Like a sleek well fed cat sprawling in the sun, the garden seems to exude a kind of contentment which washes over me as I weed, plant or sit by the shed thinking about nothing in particular.
Late afternoon tulips in the sunshine curl and unfurl in a siesta of translucent languorous petals.
The alliums shimmer and fizz in purple brilliance, edible pompoms for feasting bees
I want to eat it up, the deliciousness of the garden; it primes the appetite for taste and smell for the visual and the sensual. This is the time of day to sit under the blossom of the apple tree in the dappled shade and eat meringues, cream and raspberries.
NB the wallflowers - especially the lipstick pink ones, see below - are spectacular this spring!
Garden Mood 11
On the other hand, or perhaps I should say something
more garden-like like spade, or trowel, the dullest no-show-of -sun-day,
gives the garden a rather wonderful saturated matt quality, like a
fabric or a Hockney landscape. And all the colours and textures of leaves
and petals seem to advance and intensify against the grey canvas of
sky, see pictures below
Beetroot ripples and stripes of a `Triumph` tulip, below
Silvery green grey Globe artichoke foliage is on my list to become a Pure Style paint colour
Over the last day or so my moveable feast of a garden is more a green and purple scene of alliums, nodding and swaying in the
breeze as the remaining tulips wither and shrivel .
A grey day, but the rich colour of Mr Campbell`s bluebells almost sings in contrast.
NB Mr Cambell`s bluebells are the descendants of those that were
flowering here in the garden when the previous owners Bernard, and his
parents did all the things that people did before technology, like taking afternoon tea in the shed, or sitting in deckchairs in Flannels waiting for Cook to ring the bell for luncheon.
Sunday morning market in Estoi a few miles inland from Olhao. It`s hot by 11, I need my hat (a pleasant need it is too) and the breeze carries a richly textured smell of churros frying, horse dung and spring flowers, from the sprawling market site on the edge of the village. Everyone is here: gypsies in black waistcoats with black flat caps and thick beards; farmers from little fincas dotted about the countryside; children; dogs; lovers; groups of men in hunt of jamon and beer from one of the many food stands.
In contrast to the piles of bright kitchen plastics , ribbons and trimmings, and rails of trashy print dresses, the salt cod
bachlau and garlic stall is a sea of cool whites and is the one I head for first of all. Slabs of creamy fish and bundles of papery white garlic bulbs streaked with purple, are assessed by customers who will later cook up a rich fish stew with these staples of the Portuguese kitchen. I like to slice raw salt cod very thinly (after rigorous soaking to get rid of the salt) and serve with thin slices of orange for a simple tapa.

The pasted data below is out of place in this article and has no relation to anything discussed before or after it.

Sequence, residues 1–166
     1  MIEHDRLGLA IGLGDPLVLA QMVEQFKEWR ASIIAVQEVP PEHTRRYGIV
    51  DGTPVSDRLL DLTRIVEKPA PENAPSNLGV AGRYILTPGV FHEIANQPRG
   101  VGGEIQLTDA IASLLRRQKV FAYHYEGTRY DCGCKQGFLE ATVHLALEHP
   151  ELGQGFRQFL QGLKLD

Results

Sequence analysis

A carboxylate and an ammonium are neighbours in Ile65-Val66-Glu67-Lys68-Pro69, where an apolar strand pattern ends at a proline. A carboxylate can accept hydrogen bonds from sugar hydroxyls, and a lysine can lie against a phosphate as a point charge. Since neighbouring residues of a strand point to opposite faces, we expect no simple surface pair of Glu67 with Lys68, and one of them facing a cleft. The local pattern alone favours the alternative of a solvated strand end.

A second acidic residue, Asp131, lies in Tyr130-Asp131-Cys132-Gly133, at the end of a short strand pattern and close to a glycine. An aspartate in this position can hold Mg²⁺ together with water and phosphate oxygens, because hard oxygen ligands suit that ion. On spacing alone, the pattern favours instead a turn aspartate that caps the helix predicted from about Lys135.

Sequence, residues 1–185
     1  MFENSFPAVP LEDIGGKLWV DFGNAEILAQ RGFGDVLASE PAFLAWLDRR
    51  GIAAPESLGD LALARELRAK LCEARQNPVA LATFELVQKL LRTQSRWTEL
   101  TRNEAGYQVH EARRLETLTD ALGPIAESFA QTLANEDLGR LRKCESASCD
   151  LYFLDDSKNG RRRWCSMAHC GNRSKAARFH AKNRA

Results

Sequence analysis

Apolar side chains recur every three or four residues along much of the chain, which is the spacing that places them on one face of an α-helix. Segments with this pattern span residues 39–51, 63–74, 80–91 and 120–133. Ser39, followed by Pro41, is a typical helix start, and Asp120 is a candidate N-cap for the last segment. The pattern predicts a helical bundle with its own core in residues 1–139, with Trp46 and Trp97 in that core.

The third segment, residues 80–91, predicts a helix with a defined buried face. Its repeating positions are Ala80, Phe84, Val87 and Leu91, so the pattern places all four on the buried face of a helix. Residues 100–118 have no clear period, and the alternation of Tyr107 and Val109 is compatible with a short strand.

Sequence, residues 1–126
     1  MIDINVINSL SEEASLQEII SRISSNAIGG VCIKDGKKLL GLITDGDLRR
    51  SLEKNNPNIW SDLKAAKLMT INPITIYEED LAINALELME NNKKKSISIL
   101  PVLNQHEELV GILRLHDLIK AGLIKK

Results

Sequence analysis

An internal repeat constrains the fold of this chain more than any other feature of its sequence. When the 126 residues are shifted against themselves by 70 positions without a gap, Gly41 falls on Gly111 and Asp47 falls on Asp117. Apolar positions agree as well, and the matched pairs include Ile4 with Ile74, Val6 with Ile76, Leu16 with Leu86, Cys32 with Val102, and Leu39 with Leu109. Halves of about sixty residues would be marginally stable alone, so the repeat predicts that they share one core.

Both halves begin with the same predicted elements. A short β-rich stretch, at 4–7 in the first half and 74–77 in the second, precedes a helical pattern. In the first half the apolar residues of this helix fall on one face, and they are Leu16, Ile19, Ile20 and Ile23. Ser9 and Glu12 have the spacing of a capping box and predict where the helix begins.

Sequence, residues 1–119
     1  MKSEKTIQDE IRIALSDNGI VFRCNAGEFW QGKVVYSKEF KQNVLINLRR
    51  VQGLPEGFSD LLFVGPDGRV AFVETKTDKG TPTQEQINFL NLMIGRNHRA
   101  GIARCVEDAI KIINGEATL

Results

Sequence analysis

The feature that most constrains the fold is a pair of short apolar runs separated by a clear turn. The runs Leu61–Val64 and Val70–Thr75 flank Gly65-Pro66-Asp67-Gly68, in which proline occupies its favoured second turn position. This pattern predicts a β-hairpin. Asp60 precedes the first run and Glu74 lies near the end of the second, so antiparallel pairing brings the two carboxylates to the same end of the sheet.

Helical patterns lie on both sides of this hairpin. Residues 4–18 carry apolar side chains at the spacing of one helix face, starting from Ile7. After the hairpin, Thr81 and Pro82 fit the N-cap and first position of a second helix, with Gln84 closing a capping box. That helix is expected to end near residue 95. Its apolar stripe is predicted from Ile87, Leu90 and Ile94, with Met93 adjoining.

I also gravitate to a van wreathed in baskets. The stall holder employs her mother and others who still know how to weave in the traditional way .I imagine quiet industry with bundles of dried grass on tiled floors in village houses where orange blossom scents float over whitewashed walls. Baskets like these feature heavily in my house- for storing vegetables in the kitchen , winter bedding on top of the wardrobe in my bedroom, and for accessories stowed away under the bed. I shall be looking out for the baskets and the van at one of the other local periodic markets - any excuse to top up my basket supply.
And there`s more: trays of vegetable seedlings, fruit trees, caged chicks, hens, even a sorry looking pair of swans. The highlight for many- including me are beakers of red wine , grilled chicken, jamon, or cheese at makeshift restaurants with dark awnings that give the scene the look of one vast outdoor Arabic souk.
Took these pictures a week ago, and didn`t want to leave it too long before I uploaded to show you all how exuberant the tulip show has been this year. The combination of cold and rain this winter seems to have encouraged particularly lush grown in all areas of the spring garden: the bluebells are bluer and the forget -me- nots more luminous and pale blue porcelain-like than ever.
I had moments of heart in mouth when a shoot came and the child models used the tulip patch as a football pitch. Only lost three specimens (see salvaged Match Point tulip example above) but it`s an aspects of house hiring that brings out the rant in me.
There`s the excitement of the apple tree coming into blossom at least a month late, but oh so worth it for the froth of white and pink petals which may be a harbinger of plump golden apples if frost stays away.
Writing now from Olhao where the final whitewashing, brushing up and dusting down of the house is in progress. Really pleased with a junk bench stained in glum brown varnish that after sanding and painting white reveals its good looks. That`s the fun of tracking down old junk of trying to visualise its potential. Heading home tomorrow and hoping that weeds and snails have not taken over.